The results of the 2008–09 Cost vs. Value Report are surprising. A sluggish real estate market, and an increasing number of foreclosures while our survey was in the field this summer, led us to expect that the ratio of a remodeling project’s cost to the value it retains at resale would drop substantially more than the 8.02% (6.1 points) decline experienced in 2007.

What the 2008–09 data show, however, is a slowdown in the decline of the average cost-value ratio across all projects to only 3.86%, just 2.7 points down from 2007 (see “Percentage Recouped at Resale” graph).

Even with a mild (2.67%) increase in 2007 construction costs, it seems likely that if house values were plummeting as far and as fast as media reports would have us believe, the Cost vs. Value results should have been much worse. Instead, these results suggest that instances of steep home-value depreciation occurring in some parts of the country, particularly those with widespread foreclosures, have led to conclusions about the weakening of the overall existing home market that, while certainly not unfounded, could be exaggerated.

A new working paper from the National Bureau of Economic Research (NBER) suggests something similar, while making the case that elements of the current housing crisis are overblown. In the 55-page report, entitled “The Foreclosure-House Price Nexus: Lessons from the 2007–2008 Housing Turmoil,” authors and university professors Charles W. Calomiris (Graduate School of Business at Columbia), Stanley D. Longhofer (Director of the Center for Real Estate at the Barton School of Business at Wichita State University), and William Miles (Department of Economics at Wichita State), say that it can be misleading to use the extreme circumstances in a few states to draw conclusions about the country as a whole — at least as far as the relationship between increased foreclosure rates and house-price declines. They conclude that, despite a rise in foreclosure rates throughout the country, just 12 states are projected to see price declines of 6% or more through 2009.

The authors base their conclusions on data from the Office of Federal Housing Enterprise Oversight ( OFHEO) house-price index, which they argue is a more reliable, useful dataset than the Case-Shiller Index, to which they compare it in their report. They note that the Case-Shiller Index omits 13 states and has incomplete coverage of 29 states, and they argue that it is biased in favor of more expensive homes. (The S&P/Case-Shiller Home Price Indices are published monthly by Standard & Poor’s and Fiserv; a national index is published quarterly.)

Using data for each state going back to 1981, Calomiris, Longhofer, and Miles describe links among five variables: foreclosures, home prices, employment, single-family home permits, and existing home sales. In contrast to the aggregate national market, they believe state-level data make it possible to measure linkages using the frequent ups and downs that occur in state and regional housing markets. By concentrating on states, the authors claim, the study takes into account the effects of widely varying employment growth, an effect that continues to define important regional differences.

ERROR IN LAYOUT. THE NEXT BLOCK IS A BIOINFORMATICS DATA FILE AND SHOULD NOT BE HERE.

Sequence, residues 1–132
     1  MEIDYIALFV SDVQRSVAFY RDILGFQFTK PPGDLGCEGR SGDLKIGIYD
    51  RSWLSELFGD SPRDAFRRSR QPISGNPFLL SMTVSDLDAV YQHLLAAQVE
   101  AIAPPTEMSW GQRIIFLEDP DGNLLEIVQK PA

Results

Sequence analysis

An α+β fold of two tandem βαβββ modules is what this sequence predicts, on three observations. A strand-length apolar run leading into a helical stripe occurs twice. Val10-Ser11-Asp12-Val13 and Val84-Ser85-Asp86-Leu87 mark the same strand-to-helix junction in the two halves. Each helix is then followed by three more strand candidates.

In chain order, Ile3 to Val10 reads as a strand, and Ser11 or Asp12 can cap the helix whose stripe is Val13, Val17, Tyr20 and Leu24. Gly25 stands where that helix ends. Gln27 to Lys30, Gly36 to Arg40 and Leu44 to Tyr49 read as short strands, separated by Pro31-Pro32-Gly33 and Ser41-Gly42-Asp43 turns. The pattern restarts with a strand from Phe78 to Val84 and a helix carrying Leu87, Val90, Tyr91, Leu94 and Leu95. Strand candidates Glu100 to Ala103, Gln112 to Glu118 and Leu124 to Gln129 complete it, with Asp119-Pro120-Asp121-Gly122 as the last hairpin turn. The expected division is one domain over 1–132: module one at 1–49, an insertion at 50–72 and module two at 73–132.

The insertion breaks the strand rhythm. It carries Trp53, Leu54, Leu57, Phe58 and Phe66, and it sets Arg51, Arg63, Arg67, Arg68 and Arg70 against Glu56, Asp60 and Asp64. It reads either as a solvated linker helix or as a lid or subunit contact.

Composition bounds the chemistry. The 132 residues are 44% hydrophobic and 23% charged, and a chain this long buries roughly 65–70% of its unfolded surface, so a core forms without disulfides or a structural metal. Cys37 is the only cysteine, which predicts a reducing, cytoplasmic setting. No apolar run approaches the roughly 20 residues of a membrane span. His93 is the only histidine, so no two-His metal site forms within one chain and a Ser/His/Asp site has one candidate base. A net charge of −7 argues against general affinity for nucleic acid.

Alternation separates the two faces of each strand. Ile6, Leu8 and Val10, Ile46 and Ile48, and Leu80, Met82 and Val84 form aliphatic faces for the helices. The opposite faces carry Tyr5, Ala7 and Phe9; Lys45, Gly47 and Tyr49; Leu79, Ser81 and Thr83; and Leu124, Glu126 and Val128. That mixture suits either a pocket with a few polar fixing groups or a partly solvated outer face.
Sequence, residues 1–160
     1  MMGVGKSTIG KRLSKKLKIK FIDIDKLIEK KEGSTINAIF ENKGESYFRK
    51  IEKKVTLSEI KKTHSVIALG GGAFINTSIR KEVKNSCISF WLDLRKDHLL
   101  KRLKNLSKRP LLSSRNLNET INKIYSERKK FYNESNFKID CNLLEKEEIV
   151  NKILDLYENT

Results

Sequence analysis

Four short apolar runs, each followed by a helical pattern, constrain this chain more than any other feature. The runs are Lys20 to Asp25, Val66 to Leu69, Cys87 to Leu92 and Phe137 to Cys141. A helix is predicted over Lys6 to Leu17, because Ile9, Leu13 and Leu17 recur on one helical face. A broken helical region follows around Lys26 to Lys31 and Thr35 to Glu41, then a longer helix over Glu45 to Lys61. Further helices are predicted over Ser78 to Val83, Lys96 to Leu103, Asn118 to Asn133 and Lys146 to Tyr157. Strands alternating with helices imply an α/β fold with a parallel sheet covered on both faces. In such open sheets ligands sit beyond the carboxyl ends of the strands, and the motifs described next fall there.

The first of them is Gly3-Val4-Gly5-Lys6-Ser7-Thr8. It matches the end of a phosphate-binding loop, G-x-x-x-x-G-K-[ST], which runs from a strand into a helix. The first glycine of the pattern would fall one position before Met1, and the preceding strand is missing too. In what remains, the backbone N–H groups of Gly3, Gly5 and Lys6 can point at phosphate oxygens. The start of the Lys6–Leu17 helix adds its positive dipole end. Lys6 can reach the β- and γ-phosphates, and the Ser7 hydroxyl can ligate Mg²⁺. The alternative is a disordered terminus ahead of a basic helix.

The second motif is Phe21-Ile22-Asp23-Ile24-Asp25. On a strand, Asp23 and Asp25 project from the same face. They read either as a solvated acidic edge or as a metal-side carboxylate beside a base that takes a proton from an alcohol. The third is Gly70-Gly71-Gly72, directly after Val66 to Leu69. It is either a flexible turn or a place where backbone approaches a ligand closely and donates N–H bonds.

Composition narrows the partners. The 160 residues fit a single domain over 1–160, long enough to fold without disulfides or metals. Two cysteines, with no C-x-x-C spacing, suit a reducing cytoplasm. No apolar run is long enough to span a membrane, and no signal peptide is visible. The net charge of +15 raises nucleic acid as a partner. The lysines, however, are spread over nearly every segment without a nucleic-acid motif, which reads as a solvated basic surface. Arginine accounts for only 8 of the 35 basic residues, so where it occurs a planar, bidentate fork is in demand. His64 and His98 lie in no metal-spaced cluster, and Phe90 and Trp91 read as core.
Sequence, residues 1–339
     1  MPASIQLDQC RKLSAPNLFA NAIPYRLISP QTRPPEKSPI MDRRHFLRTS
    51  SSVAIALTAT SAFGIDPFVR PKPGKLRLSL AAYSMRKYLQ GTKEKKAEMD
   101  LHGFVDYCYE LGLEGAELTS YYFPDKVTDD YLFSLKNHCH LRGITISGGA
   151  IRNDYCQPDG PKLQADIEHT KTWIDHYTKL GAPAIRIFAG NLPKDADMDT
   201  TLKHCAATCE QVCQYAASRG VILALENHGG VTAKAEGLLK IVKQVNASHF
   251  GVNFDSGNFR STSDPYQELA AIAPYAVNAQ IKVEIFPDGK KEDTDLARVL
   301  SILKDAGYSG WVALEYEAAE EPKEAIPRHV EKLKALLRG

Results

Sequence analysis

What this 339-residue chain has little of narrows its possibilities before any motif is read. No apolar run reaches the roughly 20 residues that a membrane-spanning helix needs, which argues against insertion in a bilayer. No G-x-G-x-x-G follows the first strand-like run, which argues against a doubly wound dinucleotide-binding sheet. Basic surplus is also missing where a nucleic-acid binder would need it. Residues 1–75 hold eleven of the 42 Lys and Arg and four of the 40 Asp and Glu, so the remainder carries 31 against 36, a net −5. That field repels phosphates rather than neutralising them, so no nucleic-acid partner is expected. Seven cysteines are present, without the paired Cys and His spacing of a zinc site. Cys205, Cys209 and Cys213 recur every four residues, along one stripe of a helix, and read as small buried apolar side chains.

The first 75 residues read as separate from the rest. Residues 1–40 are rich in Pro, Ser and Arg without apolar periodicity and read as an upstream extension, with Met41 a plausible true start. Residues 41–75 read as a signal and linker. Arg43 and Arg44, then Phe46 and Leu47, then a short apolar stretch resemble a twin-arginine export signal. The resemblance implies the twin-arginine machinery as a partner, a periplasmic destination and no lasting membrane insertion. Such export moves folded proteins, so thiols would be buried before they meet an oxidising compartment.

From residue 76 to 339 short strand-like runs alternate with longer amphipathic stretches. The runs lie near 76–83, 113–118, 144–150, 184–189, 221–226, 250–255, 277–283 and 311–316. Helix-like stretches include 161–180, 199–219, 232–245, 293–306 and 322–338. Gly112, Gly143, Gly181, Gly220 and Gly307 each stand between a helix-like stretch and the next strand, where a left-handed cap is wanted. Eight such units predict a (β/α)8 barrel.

“Even under extremely pessimistic scenarios for foreclosure shocks, average U.S. house prices … likely would decline only slightly or remain essentially flat in response to foreclosures like those predicted for the 2008–2009 period,” the authors conclude, adding that “house prices are quite sticky, even in the face of high financial distress.”

Though the authors admit that “unusually tight consumer credit conditions or other factors” could cause steeper price declines than they estimate, they conclude that, “even when one proverbially bends over backwards to inflate estimated foreclosures and take account of ... their effects on house prices, there is no reasonable basis ... for believing that the housing wealth of consumers has fallen or will fall by much more than 5%.” (Click here for an abstract of the NBER study; find the full report here.)


Whether homeowners are actually experiencing home value depreciation or are only fearful of it, there is little doubt that credit has tightened, with a corresponding constricting effect on the remodeling market. This year’s Cost vs. Value results extend last year’s trend toward smaller, lower-cost maintenance-related projects. Siding and window replacement once again occupy seven of the top 10 rankings for cost recouped, partly because they’re often necessary repairs and involve durable, low-maintenance materials that improve curb appeal, and partly because, at a construction cost of between $10,000 and $14,000, they’re among the lowest-priced projects in our survey.

Credit: Peter Hoey

The high value of window replacement projects may also indicate that rising energy prices continue to influence remodeling decisions. Though the payback period on replacement windows can vary greatly, in homes with windows more than 15 years old, new windows not only reduce maintenance and boost curb appeal, they also improve energy efficiency.

Regionally, cities in the Pacific states, which now include Honolulu and Anchorage, outperformed the rest of the nation by a considerable amount (see “2008–09 Regional vs. National” graph). Though construction costs are nearly 17% higher than national averages, value at resale more than makes up for it, outstripping national averages by more than 33%. The result: an average cost recouped percentage that’s 14.8% higher than the rest of the country.

The hardest hit states are those in the New England, Middle-Atlantic, and East North Central regions, where construction costs are 6.2%, 5.6%, and 3.8% higher, respectively, than national averages, while cost recouped lags behind national averages by 11.7%, 7.1%, and 13.0%. (For more stories on recent trends in the remodeling industry, click here.)